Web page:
Puerto Princesa

Jackky & I arrive in Puerto Princessa late in the evening after a flight from Bangkok via Manila. After settling into our hotel room, we head out to explore the quieting port city.

The Philippines are due east of Thailand. The island of Palawan shares a similar tropical stickiness to our Bangkok home. Puerto Princesa is a beach town and fishing port on the southern island of Palawan, and at 8pm most shops have already closed. We walk along roads lined with thick jungle, and Jackky moves cautiously towards the center of the pavement. “Watch for snakes.” he mutters. “This is where snakes live.”

Shopping & Touring

The next morning we go out to tour the city and do some shopping. We hire a trike, the local variation of Thailand’s tuktuk’s. Here they’ve evolved into a motorcycle with a crab-like shell. Two passengers barely fit inside beside the driver. Each trike has a unique name, and our trike for the day is Marvin.

We head to the SM Mall (AKA ‘the only mall’.) Jackky buys a couple of swim suits. The sales staff immediately starts chatting with Jackky in rapid Tagalog, until he explains to them that he is from Thailand. They are incredulous. (Every local that we meet assumes that Jackky is Filipino.)

Our next stop is Baywalk Park, a promenade overlooking the harbor. The water is clear and local bangka (outrigger boats) sit at anchor along the shore.

The ‘Squatter Village’

I ask our trike driver about a village I can see at the end of the bay. “Oh,” he says, “that is the squatter village.” It seems to be built out over the water, much like the ‘sea gypsy’ communities in Thailand. The driver tells us that it would be okay to go visit. After driving to the end of the bay, we walk across narrow wooden walkways leading into the village. The entire village seems to be built of discarded wood and advertising signage. The architecture can best be described as ‘Communally Functional Ramshackle’.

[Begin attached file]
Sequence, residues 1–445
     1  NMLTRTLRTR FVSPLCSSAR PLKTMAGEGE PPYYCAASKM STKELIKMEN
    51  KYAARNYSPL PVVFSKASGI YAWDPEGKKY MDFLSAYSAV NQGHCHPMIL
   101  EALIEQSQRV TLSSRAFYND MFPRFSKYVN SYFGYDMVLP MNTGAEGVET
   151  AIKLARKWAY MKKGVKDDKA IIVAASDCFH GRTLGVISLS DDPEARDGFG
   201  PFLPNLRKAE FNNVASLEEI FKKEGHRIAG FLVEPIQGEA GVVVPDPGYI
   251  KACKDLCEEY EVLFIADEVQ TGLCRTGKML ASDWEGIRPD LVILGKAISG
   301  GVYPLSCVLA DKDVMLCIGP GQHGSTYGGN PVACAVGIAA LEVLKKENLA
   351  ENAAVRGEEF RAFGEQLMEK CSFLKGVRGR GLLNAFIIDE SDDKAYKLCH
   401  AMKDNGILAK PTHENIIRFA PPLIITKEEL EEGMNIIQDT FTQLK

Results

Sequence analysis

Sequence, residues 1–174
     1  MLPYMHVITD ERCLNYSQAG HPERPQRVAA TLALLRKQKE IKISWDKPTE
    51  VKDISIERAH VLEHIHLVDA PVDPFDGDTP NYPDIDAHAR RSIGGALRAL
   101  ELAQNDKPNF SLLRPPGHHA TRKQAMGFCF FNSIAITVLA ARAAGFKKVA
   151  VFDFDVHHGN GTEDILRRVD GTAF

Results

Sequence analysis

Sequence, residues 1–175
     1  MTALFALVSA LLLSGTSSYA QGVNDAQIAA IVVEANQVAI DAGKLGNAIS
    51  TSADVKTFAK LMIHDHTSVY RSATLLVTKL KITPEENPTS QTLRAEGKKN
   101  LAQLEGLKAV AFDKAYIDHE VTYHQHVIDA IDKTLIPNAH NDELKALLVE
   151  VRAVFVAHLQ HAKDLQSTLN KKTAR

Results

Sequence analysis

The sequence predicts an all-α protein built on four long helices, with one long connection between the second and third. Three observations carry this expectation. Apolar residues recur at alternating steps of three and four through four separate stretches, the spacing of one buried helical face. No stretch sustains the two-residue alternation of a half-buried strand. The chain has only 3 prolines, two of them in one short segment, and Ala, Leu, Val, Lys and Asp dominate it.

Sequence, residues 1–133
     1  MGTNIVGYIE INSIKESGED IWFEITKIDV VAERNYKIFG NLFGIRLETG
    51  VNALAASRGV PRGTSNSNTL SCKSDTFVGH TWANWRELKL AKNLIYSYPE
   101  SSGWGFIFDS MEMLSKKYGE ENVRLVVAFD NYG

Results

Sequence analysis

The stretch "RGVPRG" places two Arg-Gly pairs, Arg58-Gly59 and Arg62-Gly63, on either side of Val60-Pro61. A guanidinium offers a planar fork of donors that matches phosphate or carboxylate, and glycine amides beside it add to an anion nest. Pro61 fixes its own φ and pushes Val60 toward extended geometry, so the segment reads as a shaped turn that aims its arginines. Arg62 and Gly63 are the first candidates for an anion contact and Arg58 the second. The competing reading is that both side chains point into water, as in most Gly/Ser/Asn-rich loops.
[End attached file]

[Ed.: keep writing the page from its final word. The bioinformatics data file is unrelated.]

Soon after we arrive in the village, a bunch of kids swarm around us, laughing and teasing. (“Are you pregnant?” one boy asks me repeatedly. “No, just fat!” I answer, and the kids laugh. Then I give them a hearty “Ho ho ho!” and a meaningful look. The kids’ eyes widen. 😏)

Laughing kids, gossiping ladies, men posing as they erect a new basketball hoop. You’ll find wonderful people like this everywhere. Living, laughing, working, and telling their stories.

And no matter how far I travel, I rarely get homesick.

Because the people I meet along the way rarely fail to make me feel at home.

Other Places to See in Puerto Princesa

One of the most famous attractions in Puerto Princesa is the Puerto Princesa Subterranean River National Park. The cave was listed as a UNESCO World Heritage Site in 1999. The Cabayugan River flows through the cave for 8.2 km before flowing into the sea, and is navigable by boat for 4.3 km. The journey sounds wonderful, but sadly we didn’t have time to enjoy the cave. (We were told that visiting the cave was a full-day experience.)

If you wish to visit, ask your lodging in Puerto Princesa for travel options to get to Sabang. Depending on which you choose, it should take 2-3 hours each way. From Sabang there are many bangkas (kayaks) to take you on a tour of the cave.

If you want to enjoy another adventure in Sabang or caves aren’t your thing there is the Sabang Zipline.

Puerto-Princesa Subterranean River National Park (UNESCO listing)

2 thoughts on “Puerto Princesa

  1. Loved it, hope I go there some day, I have some friends in Philipines they keep asking me to visit, and btw by and large all the Pinoy people I met in Dubai too were larger then life and always cheerful, I guess it’s a Pinoy thing 🙂

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